Faried impressed Nuggets with relentless hustle, effort
For three cold days in Morehead, Ky., Nuggets scout Herb Livsey waited for Kenneth Faried to sneak in a breather.
At some point, Livsey figured, Faried would surrender just one rebound without a fight, concede an uncontested basket or decline to dive for a loose ball.
After all, this wasn’t a nationally televised NCAA Tournament game, or even an Ohio Valley Conference game. This was just practice in the anonymity of January.
“He never took a possession off,” Livsey said. “It was constant, from the time he came on the floor until the time he left. I was there three days and never saw him let up. He could’ve been the mayor of Morehead if he wanted.”
The campaign to bring Faried to Denver picked up momentum when Morehead State upset Louisville in an NCAA Tournament game in March, and it Twittered to a fever pitch when the Nuggets went on the clock with the 22nd pick in Thursday’s NBA Draft.
With his trademark dreadlocks and indefatigable floor game, Faried has buoyed a fan base and appears to be a perfect fit for a Nuggets team looking for consistent defense and rebounding. Because of his toughness and scrappy play, people tend to forget that Faried can score a little bit, too; he averaged 17.3 points on .623 shooting as a senior.
“Most people think I can just rebound,” Faried said. “I do want to average a double-double. When I do, a lot of people who know I can score, it won’t be a surprise to. A lot of people it will be a surprise to. I’m just ready to play.”
Livsey, one of the NBA’s most respected scouts, believes in Faried’s preparedness. Rebounding historically transfers well from college to the pros, and Faried’s heart and desire became apparent during his extended visit to Kentucky.
Morehead State’s training staff said they often had to hold Faried back for his own good when he was dealing with the standard aches and pains of the college season.
“Even if he’s injured, nothing stops him,” Livsey said. “They have to monitor him because he goes so hard.”
The Nuggets saw that same tenacity when Faried worked out at the Pepsi Center on June 8, and they were impressed with his maturity during predraft interviews.
After four years of college, Faried could be ready to make an instant impact for Denver. Nuggets power forward Kenyon Martin is an unrestricted free agent, but he could return to serve as a mentor for a 21-year-old that is willing to work hard to improve his game.
“I wouldn’t say (Faried’s arrival) diminishes the chances of re-signing Kenyon,” Nuggets President Josh Kroenke said. “We’ve had continued dialogue (with Martin) since the end of the season. I wouldn’t say anyone we drafted was a replacement for anybody on our roster, whether they are a free agent or not.”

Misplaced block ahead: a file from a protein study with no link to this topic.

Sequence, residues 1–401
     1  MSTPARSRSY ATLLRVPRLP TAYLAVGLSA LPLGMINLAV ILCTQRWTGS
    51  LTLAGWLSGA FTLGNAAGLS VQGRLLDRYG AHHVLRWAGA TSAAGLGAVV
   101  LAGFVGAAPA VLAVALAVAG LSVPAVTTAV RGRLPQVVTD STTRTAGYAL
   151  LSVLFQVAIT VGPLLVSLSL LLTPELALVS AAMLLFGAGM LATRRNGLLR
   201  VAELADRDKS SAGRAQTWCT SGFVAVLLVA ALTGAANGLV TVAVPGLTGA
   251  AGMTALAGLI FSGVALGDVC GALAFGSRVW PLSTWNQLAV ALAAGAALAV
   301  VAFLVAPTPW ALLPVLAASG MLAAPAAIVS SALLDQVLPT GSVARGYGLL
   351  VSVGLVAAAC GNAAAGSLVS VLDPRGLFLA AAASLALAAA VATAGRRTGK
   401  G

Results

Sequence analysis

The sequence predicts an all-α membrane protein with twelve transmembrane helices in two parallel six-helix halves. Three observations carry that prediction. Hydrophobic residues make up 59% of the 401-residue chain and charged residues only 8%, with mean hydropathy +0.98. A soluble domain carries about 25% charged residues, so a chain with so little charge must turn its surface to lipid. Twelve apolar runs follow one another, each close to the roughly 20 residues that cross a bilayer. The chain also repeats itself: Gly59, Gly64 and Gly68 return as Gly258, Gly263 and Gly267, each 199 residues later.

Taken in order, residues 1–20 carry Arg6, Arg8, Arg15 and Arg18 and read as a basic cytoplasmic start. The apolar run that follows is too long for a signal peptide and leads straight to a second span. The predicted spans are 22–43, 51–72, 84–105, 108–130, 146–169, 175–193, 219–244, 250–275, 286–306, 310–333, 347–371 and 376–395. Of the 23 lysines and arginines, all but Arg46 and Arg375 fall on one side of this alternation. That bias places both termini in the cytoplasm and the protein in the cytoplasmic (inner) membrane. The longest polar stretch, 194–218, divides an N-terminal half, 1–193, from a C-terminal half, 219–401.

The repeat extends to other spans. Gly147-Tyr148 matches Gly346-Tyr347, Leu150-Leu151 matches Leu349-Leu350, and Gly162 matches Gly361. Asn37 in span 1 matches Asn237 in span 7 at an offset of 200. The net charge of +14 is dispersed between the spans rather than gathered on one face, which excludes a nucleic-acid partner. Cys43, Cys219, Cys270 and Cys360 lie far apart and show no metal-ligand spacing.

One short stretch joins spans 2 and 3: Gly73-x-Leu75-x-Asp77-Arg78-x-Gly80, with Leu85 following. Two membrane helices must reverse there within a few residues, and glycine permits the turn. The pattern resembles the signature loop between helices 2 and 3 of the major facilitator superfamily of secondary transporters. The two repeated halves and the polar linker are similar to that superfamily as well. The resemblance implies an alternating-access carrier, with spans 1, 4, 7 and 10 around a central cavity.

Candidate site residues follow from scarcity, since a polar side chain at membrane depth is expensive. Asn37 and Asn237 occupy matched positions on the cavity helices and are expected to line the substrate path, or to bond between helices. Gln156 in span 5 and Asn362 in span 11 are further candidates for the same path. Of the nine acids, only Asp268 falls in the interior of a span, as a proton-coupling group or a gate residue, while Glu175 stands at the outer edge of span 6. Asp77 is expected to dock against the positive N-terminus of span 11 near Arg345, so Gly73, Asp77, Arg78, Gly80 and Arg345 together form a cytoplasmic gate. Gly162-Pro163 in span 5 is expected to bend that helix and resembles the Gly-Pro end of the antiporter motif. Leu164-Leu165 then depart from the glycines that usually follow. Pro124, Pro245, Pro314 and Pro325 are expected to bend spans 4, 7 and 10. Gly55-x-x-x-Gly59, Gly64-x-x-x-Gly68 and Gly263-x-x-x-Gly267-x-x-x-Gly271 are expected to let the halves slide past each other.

Along with Faried, the Nuggets added two other young prospects by acquiring the rights to No. 26 pick Jordan Hamilton, a wing player out of Texas, and No. 56 pick Chu Chu Maduabum, a forward from Nigeria.
As part of the Hamilton deal, the Nuggets also received veteran point guard Andre Miller and a second-round pick from the Portland Trail Blazers in exchange for Raymond Felton.
Felton played well for Denver after arriving as part of the Carmelo Anthony trade, but he was seeking a team that would give him the opportunity to be a starter.
“Raymond was great for us. We want to thank him for everything he did here,” Nuggets Executive Vice President of Basketball Operations Masai Ujiri said. “He was huge for us when we made that trade. We wanted to get an equal type of leadership, someone who would come here and mentor some of these young guys, but who can still play. We’re excited about Andre coming back here.”
The Nuggets’ next priority will be negotiating a contract extension with center Nene. Kroenke and Ujiri have been in regular contact with Nene and his agent in the past few weeks. The nine-year veteran has until June 30 to opt out of the final year of his contract and become an unrestricted free agent.
“I can’t comment any further, but Nene is a player that we want to have here for a long time,” Kroenke said. “He has been a backbone of ours for the last several years, and I think he is a big part of our future.”
After watching Kroenke and Ujiri work their magic on draft night, Nuggets fans have to feel good about the franchise moving forward.
The future is indeed bright.